Methods

We scoped the literature for Germany, Norway, Belgium, the Netherlands, Spain, Italy and Portugal, carrying out electronic searches in 16 international and country-specific databases and handsearches in 17 journals, bibliographies of relevant papers and webpages. We analysed the literature which was unearthed, in its entirety and by type (reviews, original studies, opinion pieces) and conducted quantitative analyses for each country and across countries. Qualitative techniques generated themes and sub-themes.

Results

A total of 868 papers were reviewed. The following themes facilitated cross-country comparison: setting, caregivers, communication, medical EoL decisions, minority ethnic groups, and knowledge, attitudes and values of death and care. The frequencies of themes varied considerably between countries. Sub-themes reflected issues characteristic for specific countries (e.g. culture-specific disclosure in the southern European countries). The work from the seven European countries concentrates on cultural traditions and identities, and there was almost no evidence on ethnic minorities.

Conclusion

This scoping review is the first comparative exploration of the cultural differences in the understanding of EoL care in these countries. The diverse body of evidence that was identified on socio-cultural issues in EoL care, reflects clearly distinguishable national cultures of EoL care, with differences in meaning, priorities, and expertise in each country. The diverse ways that EoL care is understood and practised forms a necessary part of what constitutes best evidence for the improvement of EoL care in the future.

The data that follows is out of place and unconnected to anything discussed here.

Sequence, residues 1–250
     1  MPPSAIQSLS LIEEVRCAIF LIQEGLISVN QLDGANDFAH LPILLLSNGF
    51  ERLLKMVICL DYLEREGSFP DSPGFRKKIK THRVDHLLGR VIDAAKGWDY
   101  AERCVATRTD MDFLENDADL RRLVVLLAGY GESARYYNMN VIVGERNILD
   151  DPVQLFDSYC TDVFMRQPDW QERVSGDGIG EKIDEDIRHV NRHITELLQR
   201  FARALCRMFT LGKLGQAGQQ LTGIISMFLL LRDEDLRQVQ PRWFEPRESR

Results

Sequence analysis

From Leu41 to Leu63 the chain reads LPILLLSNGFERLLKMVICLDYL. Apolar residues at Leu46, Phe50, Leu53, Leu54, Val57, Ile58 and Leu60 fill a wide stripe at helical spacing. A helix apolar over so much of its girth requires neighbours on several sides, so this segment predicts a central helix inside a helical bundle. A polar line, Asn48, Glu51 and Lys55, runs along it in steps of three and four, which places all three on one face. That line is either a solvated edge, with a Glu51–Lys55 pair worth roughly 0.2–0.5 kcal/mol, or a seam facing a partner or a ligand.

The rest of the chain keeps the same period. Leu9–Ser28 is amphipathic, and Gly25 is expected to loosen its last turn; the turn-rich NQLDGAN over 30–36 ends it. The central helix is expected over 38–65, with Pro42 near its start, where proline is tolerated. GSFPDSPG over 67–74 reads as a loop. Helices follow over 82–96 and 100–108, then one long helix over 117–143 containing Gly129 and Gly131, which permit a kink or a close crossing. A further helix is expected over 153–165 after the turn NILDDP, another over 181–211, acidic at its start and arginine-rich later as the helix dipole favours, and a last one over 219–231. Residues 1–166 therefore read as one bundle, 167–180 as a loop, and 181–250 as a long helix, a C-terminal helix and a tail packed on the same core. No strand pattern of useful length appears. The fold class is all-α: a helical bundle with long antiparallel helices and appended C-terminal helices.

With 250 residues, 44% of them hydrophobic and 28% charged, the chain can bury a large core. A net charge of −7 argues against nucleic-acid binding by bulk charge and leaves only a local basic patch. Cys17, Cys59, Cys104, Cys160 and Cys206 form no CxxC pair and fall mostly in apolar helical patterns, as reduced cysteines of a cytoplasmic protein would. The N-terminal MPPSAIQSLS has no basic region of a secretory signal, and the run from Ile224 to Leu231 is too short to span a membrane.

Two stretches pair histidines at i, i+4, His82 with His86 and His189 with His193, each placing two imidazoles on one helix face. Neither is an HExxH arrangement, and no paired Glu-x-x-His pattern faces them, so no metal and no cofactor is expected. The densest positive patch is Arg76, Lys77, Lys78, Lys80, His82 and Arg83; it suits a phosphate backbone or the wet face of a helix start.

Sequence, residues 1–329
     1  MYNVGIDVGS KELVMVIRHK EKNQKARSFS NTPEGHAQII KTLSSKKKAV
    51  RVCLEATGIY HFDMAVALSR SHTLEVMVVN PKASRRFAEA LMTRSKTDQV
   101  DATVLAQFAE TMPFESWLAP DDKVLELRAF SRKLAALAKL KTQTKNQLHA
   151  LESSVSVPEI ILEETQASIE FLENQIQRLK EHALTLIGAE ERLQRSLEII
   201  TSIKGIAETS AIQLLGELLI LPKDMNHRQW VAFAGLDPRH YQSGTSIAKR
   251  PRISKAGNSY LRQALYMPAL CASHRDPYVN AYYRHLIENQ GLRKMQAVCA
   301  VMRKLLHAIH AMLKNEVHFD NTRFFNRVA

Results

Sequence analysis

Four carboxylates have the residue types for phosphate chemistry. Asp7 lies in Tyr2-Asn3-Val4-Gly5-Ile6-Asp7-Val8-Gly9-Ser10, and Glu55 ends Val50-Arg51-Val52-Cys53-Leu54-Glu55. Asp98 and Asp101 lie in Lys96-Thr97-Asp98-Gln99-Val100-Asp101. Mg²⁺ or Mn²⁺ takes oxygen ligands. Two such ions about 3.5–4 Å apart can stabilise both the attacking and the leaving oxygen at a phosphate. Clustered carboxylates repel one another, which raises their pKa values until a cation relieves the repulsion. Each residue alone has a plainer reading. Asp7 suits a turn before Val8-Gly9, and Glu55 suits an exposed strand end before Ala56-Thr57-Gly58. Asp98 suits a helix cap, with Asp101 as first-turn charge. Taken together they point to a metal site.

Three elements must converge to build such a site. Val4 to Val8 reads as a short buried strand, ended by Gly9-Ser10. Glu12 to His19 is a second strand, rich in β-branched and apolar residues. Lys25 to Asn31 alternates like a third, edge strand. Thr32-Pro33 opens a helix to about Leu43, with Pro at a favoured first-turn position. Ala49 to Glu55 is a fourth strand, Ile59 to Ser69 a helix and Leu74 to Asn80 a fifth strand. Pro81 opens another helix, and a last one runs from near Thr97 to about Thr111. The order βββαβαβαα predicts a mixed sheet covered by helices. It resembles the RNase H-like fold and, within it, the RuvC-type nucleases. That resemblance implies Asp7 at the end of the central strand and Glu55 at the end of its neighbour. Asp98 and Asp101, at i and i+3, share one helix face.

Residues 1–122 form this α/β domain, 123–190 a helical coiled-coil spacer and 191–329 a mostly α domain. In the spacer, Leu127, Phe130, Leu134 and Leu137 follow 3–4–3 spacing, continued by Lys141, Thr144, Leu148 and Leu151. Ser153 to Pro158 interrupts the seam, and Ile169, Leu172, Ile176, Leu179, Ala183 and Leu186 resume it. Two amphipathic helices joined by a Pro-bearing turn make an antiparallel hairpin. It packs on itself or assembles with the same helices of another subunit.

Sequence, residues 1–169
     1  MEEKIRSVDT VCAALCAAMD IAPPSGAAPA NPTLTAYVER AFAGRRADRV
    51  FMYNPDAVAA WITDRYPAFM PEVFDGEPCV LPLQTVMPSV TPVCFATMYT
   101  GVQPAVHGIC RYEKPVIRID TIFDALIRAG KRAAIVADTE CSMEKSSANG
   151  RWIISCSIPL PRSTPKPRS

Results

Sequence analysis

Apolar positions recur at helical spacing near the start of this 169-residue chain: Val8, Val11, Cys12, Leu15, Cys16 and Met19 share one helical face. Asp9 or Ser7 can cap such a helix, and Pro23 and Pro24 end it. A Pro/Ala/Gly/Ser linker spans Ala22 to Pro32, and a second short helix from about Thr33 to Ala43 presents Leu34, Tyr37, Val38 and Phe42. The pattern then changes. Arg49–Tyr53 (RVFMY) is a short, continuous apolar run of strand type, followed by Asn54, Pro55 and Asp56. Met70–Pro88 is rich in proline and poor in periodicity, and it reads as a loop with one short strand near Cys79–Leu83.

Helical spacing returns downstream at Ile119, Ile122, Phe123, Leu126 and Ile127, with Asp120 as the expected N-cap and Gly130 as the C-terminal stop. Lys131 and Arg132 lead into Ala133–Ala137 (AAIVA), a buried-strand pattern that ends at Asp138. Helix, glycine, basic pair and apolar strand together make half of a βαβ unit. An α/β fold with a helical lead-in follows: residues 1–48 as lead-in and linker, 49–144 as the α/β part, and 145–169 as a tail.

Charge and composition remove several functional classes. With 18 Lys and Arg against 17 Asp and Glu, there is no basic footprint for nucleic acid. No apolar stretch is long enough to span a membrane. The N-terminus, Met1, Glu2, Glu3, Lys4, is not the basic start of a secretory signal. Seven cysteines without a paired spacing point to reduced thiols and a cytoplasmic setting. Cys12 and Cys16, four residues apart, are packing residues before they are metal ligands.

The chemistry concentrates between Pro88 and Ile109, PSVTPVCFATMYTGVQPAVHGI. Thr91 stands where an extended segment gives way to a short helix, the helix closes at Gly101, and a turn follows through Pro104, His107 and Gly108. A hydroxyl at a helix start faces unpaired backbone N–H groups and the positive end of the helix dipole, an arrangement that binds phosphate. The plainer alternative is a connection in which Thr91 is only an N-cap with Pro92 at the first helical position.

Death Matters Exhibition – Tropenmuseum, Amsterdam

“Death Matters” is a new exhibition at the Tropenmuseum (Amsterdam, the Netherlands).

The exhibition focuses mainly on material culture and the rituals of death and dying. Different perspectives about what occurs after death are also examined and contrasted and visitors are encouraged to think about how they themselves would like to be remembered through a number of interactive activities.

For more information click here

PhD studentship in Palliative Care for Children and Young People

The Louis Dundas Centre for Children’s Palliative Care (UCL) is offering a 4 year PhD studentship in paediatric palliative care research.

The post entails conducting a prospective ethnographic study with young people, their parents and health professionals and a review concerning factors related to young peoples’ decision making processes.

This position may be of interest for anthropology or sociology students.

For further information see the following link.

Powerpoint Presentations

In response to popular demand we have uploaded the presentations made by both members of our team and external experts at various conferences.

International Meeting on Culture and End of Life Care
Vic, Spain, 17-18 May 2010

17th May

WP1 Work

Culture and end of life care

Key cultural issues in end-of-life care in three Mediterranean countries

Cultural Competency Models

Culture in Different Settings

Culture in Different Settings: Priorities from a UK perspective

Culture in different settings: Priorities from a Belgian perspective

Culture in different setting: Priorities from a Norway perspective

18th May

Spirituality in End of Life Care

Spirituality in End of Life Care

Conscientious objections: a neglected topic in culture and end end-of of-life care

Dignity

Dignity for the frail old

End of Life Decision Making

End-of-life decisions in Belgium: Attitudes and practices

Practices and attitudes regarding end-of-life decisions in Spain

Communication

End of life Cultural, Social, Ethical, Legal perspectives

Telling the truth or conserving hope? An Italian deep-rooted contradiction

Cultural Competency and Minority Ethnic Groups

Cultural Vulnerability, Care and Ethics

Cultural competence and communication in palliative care for Turkish and Moroccan immigrants in the Netherlands

11th Congress of the EAPC
Vienna, Austria, 7-10 May 2009

A call for expertise for the development of a European network of experts on culture and end of life care

Making Culture Relevant to End End-of of-Life Practice: An Overview of Approaches to Cultural Competency

What does culture mean? An analysis of the role of culture in Spanish end- of-life care literature

Some Critical Comments on “Culture” and “Competence”